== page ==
We have a complicated relationship with plastic, despite its omnipresence in our consumer culture. Associated with the cheap and mass-produced, plastic is synonymous with disposability. The very qualities that have made it so perfect for mass production—its protean nature and ability to be reliably molded with heat and pressure into an astonishing variety of shapes and sizes—contribute to our perception of the material as utterly synthetic and machine-made.
The word plastic is also used to describe someone who is inauthentic. If all of that, coupled with the enormous heaps of trash piling up on our planet, weren’t unsettling enough, we also have cause to be concerned about the health effects of plastics.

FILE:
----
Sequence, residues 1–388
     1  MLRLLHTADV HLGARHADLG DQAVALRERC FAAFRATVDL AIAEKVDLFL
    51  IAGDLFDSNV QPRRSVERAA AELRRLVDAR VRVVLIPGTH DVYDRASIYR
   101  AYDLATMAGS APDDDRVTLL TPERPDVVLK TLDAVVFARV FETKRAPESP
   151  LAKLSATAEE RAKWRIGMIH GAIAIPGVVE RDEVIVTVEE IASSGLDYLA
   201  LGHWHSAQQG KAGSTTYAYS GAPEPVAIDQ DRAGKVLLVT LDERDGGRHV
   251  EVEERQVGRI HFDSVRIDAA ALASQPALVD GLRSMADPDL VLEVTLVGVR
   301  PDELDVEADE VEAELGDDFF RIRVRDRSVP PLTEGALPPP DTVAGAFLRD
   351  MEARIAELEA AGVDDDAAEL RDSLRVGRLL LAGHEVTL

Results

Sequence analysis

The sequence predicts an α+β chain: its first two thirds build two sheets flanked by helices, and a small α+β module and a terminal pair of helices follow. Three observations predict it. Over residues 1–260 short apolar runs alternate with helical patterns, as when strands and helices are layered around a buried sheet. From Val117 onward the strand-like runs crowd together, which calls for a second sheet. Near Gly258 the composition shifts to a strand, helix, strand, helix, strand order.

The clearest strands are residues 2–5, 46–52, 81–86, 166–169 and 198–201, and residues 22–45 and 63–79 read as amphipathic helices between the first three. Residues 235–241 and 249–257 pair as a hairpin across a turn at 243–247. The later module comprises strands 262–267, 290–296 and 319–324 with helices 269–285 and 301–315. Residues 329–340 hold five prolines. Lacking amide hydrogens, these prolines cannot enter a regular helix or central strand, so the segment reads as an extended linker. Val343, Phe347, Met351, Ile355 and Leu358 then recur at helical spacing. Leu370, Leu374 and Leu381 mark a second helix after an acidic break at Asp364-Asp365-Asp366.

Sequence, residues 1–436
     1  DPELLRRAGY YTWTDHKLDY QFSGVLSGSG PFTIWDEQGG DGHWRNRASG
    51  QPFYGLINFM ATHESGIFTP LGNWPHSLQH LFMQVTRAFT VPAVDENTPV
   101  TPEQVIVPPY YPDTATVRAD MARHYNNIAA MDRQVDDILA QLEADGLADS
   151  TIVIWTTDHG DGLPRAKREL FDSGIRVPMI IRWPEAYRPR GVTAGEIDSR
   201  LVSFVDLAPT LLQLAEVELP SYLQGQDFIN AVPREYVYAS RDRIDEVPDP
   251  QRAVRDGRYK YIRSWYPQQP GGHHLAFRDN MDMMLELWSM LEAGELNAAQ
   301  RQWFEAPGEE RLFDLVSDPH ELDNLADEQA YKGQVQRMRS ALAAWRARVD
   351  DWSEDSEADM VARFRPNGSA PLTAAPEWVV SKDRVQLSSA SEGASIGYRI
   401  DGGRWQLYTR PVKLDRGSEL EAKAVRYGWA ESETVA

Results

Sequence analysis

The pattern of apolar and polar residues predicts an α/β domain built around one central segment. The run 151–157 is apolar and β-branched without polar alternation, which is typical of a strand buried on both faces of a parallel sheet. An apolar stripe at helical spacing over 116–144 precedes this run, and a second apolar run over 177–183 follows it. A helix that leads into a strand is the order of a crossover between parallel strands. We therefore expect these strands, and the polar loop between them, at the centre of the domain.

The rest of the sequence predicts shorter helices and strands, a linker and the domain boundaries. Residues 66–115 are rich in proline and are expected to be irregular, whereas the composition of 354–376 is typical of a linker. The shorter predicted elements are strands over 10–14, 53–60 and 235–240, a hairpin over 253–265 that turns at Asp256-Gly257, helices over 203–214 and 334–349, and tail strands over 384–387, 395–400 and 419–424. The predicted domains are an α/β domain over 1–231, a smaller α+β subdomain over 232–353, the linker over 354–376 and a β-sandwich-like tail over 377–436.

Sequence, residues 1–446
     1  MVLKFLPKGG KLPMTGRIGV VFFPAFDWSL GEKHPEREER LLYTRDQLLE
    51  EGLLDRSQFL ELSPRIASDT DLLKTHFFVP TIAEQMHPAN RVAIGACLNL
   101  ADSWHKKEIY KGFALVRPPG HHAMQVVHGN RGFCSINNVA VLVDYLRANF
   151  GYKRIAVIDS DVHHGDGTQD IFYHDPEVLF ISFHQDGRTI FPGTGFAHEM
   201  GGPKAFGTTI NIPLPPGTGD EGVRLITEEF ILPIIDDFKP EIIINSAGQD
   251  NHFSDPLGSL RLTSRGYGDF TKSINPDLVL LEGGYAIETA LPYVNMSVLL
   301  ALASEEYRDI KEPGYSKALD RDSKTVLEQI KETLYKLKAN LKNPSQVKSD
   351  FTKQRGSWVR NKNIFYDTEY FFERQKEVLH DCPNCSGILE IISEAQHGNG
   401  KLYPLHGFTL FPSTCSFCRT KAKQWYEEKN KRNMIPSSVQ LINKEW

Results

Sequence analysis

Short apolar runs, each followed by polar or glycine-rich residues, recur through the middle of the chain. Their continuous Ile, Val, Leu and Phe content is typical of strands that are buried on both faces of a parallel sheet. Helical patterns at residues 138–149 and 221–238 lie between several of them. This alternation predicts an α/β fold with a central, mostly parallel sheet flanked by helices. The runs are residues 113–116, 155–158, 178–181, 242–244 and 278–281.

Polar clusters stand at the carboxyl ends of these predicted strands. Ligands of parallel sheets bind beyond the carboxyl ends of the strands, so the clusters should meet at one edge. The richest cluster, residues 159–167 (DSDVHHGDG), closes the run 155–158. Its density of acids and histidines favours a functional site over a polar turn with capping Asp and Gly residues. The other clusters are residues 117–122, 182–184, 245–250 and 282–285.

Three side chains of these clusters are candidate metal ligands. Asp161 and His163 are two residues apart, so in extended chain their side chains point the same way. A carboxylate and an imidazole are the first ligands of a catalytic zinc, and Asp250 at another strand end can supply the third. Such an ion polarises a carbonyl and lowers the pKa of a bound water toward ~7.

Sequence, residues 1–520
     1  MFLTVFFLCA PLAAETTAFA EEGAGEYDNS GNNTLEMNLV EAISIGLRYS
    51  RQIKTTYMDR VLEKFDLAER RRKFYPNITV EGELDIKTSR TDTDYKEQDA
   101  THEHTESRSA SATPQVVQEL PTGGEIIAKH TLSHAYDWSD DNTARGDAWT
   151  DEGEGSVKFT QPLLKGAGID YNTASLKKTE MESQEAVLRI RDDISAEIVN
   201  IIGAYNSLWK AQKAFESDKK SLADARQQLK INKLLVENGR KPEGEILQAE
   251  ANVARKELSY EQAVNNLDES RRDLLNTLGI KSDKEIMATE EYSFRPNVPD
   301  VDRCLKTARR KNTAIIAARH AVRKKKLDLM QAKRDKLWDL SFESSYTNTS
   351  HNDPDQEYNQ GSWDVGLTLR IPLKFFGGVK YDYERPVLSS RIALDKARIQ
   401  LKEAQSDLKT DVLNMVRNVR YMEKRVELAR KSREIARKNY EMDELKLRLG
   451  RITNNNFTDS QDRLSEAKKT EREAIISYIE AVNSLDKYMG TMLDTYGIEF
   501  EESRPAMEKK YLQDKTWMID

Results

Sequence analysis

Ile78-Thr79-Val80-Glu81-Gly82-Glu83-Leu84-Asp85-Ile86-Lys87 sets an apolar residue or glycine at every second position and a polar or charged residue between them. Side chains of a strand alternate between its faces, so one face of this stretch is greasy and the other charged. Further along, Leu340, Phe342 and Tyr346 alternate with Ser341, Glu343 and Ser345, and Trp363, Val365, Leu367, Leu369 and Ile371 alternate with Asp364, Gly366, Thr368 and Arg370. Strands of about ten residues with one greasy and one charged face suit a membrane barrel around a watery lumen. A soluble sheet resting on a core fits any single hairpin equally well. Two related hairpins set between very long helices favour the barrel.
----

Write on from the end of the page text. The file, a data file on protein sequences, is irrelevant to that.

Laser cutters operate by focusing a stream of light made of photons, or laser, on a pinpointed site on an object in order to slice through it rather than using a solid object, like a blade, to slice through the material. A computer system with vector graphical software will also be needed. Commands are communicated to the laser cutter via the software which translates design geometry to numerical CNC machine code. A laser can also take input from drawings made with the help of computer-aided design (CAD) software.